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Importing and Exporting Your Camera Photos Using Lightroom CC on iPadOS

I’ve waited a long time to be able to write these words: it is now just as easy to import and export your camera photos to Lightroom CC on an iPad as it is on a Mac.

Just past its tenth birthday, the iPad is finally coming into its own as a nimble, modular computing platform. I’ve been using one as my only portable computer for years now, but it’s only in the last little while that all the pieces have come together to make a normal Lightroom-based photography workflow possible.

The barrier, for the longest time, was the ability to import files directly into Lightroom. It used to be the case that you’d first have to import photos from your camera or SD card into the native Photos app, then import them from there into Lightroom’s library, before finally deleting the redundant copies in the Photos app.

It was…cumbersome, to say the least.

iPadOS and iOS 13 finally eased the relevant file management restrictions, allowing Lightroom to provide the seamless import process we’ve always wanted.

Here’s how it works:

Importing Photos Into Lightroom CC From Your Camera

First, you have to decide how you prefer to ingest the photos. You have two basic options:

  1. Import directly from your camera
  2. Import from the SD or other media card

Importing Directly From Your Camera

Almost every camera will give you the ability to access captured photos by connecting the camera itself to your computer (or, in this case, iPad) using a USB cable.

This is a common and, in some ways, preferable approach because it minimizes wear and tear on your SD card. Most problems with physical media occur because of physical stress as we remove, insert, and handle the cards outside of our cameras.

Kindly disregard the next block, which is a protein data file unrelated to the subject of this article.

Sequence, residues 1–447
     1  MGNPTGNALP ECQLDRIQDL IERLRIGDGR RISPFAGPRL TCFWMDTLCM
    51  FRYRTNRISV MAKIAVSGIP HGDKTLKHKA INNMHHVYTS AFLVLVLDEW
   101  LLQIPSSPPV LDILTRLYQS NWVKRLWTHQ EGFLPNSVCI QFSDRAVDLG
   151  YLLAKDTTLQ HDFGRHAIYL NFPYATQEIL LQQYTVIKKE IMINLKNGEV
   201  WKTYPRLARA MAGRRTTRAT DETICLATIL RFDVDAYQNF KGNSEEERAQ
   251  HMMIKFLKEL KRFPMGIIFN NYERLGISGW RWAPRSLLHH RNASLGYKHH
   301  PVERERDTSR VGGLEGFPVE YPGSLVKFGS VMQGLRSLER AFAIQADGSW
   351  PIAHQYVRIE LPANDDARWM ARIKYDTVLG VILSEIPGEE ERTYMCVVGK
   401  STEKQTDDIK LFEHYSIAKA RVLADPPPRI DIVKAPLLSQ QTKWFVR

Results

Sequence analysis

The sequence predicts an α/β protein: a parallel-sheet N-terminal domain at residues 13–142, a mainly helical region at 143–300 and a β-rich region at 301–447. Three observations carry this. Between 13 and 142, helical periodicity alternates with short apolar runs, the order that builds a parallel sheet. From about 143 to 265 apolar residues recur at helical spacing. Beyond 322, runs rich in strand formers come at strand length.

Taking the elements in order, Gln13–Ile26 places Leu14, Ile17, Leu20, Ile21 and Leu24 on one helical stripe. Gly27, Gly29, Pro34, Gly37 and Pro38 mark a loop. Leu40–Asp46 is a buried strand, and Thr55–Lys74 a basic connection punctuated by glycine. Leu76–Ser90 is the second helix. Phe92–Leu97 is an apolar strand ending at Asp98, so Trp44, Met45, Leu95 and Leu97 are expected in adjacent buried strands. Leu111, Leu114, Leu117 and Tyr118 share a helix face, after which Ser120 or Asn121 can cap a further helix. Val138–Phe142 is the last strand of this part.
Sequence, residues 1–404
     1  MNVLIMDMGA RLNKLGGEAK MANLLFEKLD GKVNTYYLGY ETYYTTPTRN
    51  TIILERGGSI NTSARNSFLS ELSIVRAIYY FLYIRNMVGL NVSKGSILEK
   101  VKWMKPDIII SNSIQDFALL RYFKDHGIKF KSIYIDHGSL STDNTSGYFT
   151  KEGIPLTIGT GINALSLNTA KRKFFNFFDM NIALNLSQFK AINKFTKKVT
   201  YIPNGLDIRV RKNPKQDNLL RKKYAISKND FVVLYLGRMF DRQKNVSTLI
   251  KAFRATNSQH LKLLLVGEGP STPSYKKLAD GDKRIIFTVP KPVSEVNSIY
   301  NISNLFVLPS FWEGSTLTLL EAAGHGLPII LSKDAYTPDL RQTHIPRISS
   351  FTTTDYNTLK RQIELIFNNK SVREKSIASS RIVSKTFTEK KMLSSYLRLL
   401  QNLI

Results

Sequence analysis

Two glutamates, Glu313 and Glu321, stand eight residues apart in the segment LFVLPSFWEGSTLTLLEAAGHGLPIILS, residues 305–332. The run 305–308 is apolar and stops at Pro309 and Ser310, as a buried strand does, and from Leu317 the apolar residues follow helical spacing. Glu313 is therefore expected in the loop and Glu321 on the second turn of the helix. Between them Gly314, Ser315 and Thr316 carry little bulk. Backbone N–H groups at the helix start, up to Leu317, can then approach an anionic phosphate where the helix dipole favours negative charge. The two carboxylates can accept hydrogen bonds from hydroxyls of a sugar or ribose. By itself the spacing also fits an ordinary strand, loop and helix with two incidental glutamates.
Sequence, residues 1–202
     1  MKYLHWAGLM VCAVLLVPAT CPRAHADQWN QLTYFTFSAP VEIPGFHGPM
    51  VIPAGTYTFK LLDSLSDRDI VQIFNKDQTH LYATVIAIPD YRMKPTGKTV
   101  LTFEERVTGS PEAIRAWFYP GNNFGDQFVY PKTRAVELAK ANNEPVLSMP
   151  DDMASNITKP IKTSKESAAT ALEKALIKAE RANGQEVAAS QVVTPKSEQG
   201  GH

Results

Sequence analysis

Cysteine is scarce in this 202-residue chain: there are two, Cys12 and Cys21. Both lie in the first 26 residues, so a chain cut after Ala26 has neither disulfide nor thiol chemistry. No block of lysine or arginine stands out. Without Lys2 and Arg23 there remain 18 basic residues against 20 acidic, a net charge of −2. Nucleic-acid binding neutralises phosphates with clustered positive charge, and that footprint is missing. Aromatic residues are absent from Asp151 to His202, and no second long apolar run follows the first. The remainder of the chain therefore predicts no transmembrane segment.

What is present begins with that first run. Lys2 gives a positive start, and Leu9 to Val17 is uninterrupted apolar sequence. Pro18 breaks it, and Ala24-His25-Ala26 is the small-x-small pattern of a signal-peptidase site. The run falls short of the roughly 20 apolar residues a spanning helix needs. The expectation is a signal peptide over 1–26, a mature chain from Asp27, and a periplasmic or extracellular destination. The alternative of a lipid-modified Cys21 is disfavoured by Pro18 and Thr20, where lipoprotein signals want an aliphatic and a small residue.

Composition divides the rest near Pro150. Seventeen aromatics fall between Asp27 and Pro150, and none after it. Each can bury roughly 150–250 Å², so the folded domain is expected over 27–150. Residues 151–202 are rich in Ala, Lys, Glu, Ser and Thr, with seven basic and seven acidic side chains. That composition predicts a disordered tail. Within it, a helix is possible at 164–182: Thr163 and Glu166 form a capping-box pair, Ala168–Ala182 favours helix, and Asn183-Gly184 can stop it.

In the Import dialog, you can select photos individually, or all photos from a particular day.

The exact process varies a bit depending on what camera you’re using (some require you to manually put them into a USB mode), but in the majority of cases you’ll be able to follow these instructions directly:

  1. Connect a cable to your camera’s data port (likely micro-USB or USB-C).
  2. Connect the other end to your iPad’s port; this may require a Lightning-to-USB adapter or a USB-C-to-USB adapter to plug in directly if you’re using an iPad Pro.
  3. Turn on your camera.
  4. Open Lightroom CC on your iPad.
  5. Invoke the import dialog by tapping the floating blue Import button in the bottom right of your library view, then select From Camera Device.
  6. Lightroom will display the files on your camera and allow you to pick a destination album, filter the view, select photos, and initiate the import.

That’s all there is to it! Once the import completes, the selected photos will have been added to your Lightroom CC library.

The next time you have an internet connection, depending on your settings, Lightroom will back the imported photos up to its cloud storage for safe keeping so they don’t exist only on your iPad.